Tuesday, January 26, 2010

A "Ralph Fletcher" Moment

Today, during read aloud, on our first day back, I finished reading Fig Pudding to my third graders.  After catching up on where we left off, I read the final two chapters.  Are you familiar with the book?  If not, please read it... it's one of my favorites.  
     I read the above line to my kids... it's comes right after Nate has cried for the first time since the death of their brother, Brad.  Nate and Cliff (the main character) are lying in bed talking about the stockings they had hung for their first Christmas without Brad (while staying at an inn).  Cliff placed a rolled up piece of paper in Brad's stocking.  And Nate was asking what was on it...
     Right after I read this line, there was an audible gasp from P. (a girl in my classroom on an ILP; her "fluency" affects her scores on the DRA II).  She looked up at me at said outloud, "That's HIS someday!"
     "Who's someday?"  I paused and looked at her.
      "Ralph Fletcher's.  He's writing about himself.  About his brother.  Remember, in Marshfield Dreams... his brother died.  He's writing about HIS brother.  He was thinking of HIS brother when he wrote that line.  It's his someday!"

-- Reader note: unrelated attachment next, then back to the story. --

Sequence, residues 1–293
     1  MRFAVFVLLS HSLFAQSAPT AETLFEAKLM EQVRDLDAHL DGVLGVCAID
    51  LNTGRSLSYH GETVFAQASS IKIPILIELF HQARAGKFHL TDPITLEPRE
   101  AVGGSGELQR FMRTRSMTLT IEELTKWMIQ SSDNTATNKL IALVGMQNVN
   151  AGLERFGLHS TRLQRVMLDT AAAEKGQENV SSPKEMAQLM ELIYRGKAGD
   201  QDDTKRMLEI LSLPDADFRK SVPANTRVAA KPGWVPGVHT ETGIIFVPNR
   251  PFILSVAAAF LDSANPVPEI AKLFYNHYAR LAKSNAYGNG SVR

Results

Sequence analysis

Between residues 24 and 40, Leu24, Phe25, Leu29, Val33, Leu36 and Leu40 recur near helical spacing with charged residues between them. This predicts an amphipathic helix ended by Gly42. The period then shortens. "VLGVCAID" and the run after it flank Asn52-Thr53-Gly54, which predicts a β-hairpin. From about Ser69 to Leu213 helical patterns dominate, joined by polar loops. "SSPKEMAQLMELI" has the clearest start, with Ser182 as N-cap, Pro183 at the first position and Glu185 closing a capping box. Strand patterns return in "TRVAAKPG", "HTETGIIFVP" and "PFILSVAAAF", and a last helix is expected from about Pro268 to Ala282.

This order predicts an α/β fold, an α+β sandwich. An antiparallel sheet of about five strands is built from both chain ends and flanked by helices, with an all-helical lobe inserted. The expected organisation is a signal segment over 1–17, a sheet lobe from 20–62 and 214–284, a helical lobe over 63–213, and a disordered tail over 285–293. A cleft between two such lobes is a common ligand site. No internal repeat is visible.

I looked at P.  I could see her mind was full!  Her "cogs" were moving.  "That's interesting," I responded, "I've never thought of it that way.  You've just totally changed my thinking!" (We are beginning a study of Synthesis, so this will be a perfect "in the moment" conversation to refer to when we get further into our study).
     "HIS someday... he finally wrote about HIS own brother..." P. continued, "It's amazing.  It's like the time I. (a boy) said that it's almost like Ralph Fletcher is right here sitting in front of us, telling us stories.  He is.  He's right here.  His words... they just, they just amaze me!  I just need to go write.  I want to do what he just did..."

     I love moments like this!  When our grandest thinkers come alive, mesmerized by someone else's words... thanks Ralph!  You made my teaching life (and P.'s writing life) that much better!


  1. Beautiful! Those are the moments I live for as a teacher.

  2. WOW! Powerful stuff! (Great book, too...that always helps!)

  3. What an amazing story! I have to say I never quite made the connection either, but I wonder if she's right? I've heard RF speak several times, and he talks about writing what you know.

    So clever of her to piece that together.

  4. What a great story! Having read Fig Pudding first, when I read Marshfield Dreams, I thought the stories must be related.